It doesn’t make much sense.

Typically when a team built like the 76ers plays the way it did for the first two-and-a-half quarters, it loses by 20. Especially on the road. After all, the Sixers missed their first nine three-pointers and 14 of their first 15. They went a horrid 7 for 14 from the foul line and their rookie point guard committed two turnovers in the first two minutes of the game.

Add in the fact that lightning-quick point guard John Wall scored 15 points in the first quarter and 23 in the first half, and it was easy to understand how the Sixers trailed by 14 points after the first 30 minutes of the game.

But what’s equally as easy to understand is how the Sixers pulled off the 109-102 victory over the Washington Wizards at the Verizon Center on Friday night. Sometimes when a team doesn’t know it’s supposed to lose games, a funny thing happens.

It wins.

“Our guys don’t know what they don’t know and they keep playing,” rookie head coach Brett Brown said. “That’s how I want to keep it.”

The Sixers, a team most basketball experts picked to finish the season with the worst record in the NBA, are 2-0. Better yet, the Sixers are 2-0 for the first time since the 2006-07 season, shortly before they traded Allen Iverson to the Denver Nuggets.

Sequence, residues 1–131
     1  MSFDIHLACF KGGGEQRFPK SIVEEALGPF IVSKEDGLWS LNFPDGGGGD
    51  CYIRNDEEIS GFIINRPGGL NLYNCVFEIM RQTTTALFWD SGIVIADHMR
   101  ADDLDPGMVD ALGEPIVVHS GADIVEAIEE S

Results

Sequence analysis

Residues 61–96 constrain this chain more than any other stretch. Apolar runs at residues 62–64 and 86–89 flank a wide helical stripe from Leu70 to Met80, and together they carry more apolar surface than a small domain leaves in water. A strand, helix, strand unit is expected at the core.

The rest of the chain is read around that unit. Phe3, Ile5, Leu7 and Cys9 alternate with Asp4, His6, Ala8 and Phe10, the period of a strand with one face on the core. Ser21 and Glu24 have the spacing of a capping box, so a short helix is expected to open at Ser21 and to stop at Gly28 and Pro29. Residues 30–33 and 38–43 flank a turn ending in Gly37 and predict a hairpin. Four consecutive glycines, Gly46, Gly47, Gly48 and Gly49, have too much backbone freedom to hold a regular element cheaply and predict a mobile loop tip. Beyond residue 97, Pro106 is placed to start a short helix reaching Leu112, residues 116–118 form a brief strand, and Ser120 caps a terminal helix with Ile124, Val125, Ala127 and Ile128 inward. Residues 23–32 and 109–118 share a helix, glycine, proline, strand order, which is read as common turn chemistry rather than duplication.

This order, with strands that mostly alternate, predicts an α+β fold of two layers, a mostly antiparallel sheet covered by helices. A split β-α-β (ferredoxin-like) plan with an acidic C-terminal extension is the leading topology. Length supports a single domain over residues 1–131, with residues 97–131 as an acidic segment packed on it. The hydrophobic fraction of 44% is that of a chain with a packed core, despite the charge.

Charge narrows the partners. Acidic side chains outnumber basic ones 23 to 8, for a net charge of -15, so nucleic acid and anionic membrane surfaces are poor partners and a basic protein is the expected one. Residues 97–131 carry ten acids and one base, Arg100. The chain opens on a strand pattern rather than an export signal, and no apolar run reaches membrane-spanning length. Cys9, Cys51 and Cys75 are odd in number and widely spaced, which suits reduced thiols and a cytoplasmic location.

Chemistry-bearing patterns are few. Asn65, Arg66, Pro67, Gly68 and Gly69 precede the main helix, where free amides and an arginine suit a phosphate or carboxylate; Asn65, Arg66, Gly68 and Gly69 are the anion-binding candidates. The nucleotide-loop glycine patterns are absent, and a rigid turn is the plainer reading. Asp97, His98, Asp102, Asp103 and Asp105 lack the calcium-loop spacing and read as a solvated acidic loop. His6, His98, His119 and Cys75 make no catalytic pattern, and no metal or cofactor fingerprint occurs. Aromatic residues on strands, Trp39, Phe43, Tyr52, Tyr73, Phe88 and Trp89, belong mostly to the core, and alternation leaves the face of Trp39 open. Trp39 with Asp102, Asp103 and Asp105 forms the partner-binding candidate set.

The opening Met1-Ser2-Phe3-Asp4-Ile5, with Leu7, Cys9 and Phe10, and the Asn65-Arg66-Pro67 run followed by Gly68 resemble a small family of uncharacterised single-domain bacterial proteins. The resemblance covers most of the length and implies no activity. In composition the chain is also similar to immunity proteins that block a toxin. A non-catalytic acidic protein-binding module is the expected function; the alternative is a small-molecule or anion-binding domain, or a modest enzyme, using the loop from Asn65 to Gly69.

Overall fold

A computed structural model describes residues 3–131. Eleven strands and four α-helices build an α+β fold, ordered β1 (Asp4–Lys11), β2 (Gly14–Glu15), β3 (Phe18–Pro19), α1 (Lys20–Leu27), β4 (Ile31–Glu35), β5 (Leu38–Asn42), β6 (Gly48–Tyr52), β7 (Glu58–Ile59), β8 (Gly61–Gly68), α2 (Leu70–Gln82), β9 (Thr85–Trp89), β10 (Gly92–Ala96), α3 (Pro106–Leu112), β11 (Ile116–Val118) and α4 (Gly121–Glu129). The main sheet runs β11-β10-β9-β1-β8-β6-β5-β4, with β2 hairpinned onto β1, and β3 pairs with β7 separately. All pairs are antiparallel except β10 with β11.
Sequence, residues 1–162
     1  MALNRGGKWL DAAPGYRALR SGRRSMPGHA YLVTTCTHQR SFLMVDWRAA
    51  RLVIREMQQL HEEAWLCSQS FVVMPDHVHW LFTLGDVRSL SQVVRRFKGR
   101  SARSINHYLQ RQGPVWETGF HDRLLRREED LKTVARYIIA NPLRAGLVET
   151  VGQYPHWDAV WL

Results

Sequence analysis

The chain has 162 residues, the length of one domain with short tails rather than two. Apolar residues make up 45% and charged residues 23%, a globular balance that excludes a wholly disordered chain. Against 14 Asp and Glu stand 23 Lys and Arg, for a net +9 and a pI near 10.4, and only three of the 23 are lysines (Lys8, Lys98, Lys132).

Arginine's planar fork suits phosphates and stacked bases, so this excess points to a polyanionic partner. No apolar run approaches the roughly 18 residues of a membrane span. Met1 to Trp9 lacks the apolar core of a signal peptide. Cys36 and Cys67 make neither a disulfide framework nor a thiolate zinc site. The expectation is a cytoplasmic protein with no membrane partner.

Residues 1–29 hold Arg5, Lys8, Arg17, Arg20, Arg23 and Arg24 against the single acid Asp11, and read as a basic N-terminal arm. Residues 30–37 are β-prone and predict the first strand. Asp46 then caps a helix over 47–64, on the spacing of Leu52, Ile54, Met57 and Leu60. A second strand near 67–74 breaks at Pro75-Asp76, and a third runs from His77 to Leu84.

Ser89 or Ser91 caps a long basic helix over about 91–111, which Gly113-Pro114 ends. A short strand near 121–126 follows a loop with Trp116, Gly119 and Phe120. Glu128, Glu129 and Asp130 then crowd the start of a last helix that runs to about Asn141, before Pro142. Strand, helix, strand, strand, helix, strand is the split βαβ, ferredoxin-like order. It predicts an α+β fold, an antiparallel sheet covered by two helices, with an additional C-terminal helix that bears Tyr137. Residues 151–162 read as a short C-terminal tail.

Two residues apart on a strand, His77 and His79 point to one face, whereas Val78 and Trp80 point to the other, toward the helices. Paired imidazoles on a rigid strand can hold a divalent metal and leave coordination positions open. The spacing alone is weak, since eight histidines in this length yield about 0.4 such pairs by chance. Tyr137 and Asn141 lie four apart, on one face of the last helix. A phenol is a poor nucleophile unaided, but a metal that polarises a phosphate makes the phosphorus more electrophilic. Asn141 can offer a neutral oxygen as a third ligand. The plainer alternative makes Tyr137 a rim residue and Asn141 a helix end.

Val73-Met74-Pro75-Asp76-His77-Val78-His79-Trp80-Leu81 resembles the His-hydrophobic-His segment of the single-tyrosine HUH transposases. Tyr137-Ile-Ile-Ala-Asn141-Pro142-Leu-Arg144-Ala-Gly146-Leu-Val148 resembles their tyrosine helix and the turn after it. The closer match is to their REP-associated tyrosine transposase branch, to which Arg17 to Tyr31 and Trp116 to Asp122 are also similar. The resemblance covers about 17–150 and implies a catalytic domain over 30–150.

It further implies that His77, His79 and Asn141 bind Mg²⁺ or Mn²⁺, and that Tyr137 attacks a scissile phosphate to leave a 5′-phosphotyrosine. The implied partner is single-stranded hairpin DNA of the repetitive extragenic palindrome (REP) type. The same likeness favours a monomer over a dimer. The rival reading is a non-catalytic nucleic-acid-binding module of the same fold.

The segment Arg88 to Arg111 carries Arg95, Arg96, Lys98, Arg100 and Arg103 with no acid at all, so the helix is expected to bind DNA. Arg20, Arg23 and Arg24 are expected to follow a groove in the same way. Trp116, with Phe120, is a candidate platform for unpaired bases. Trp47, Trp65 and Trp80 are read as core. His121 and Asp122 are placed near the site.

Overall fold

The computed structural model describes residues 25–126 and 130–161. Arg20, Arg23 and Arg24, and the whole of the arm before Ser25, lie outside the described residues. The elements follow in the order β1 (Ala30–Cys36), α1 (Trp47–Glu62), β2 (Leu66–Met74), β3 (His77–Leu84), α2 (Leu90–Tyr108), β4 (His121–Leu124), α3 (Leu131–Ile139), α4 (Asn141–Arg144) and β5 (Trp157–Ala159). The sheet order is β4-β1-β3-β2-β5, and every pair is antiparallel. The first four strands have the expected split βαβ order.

To get to 2-0, the Sixers beat the two-time defending champion Miami Heat at home and then rallied on the road to beat the Wizards. Taken at face value, it’s tough to figure out which win was most impressive.

“It’s only two, but we sure are happy,” Brown said. “I think it was a similar way tonight versus the way we won against Miami. It’s the group’s ability to stay together and run and run and run and run late in the games. It helps us find a way to win by getting great defensive efforts and then running out of it.”

Perhaps a cynic would say, “Geez, these guys can’t even tank the right way.” But a closer examination of the final 18 minutes of the victory of the Wizards helps bring things into focus.

For starters, the Sixers got 74 points in the paint and attempted 54 shots from up close. They also got 20 fast-break points and 18 second-chance points off nine offensive rebounds.

How committed were the Sixers to running and getting shots in the paint? Try this for instance: Thad Young led all scorers with 29 points on 14-for-20 shooting and attempted just two shots from longer than 13 feet. Guard Evan Turner followed up his 26-point performance against Miami with 23 against the Wizards, made two shots from outside the paint and attempted just three shots longer than 14 feet.

The outside shooting came from point guard Michael Carter-Williams, who followed up his epic NBA debut with 14 points and five assists, and seven-footer Spencer Hawes, who scored 16 points with 14 rebounds and five assists.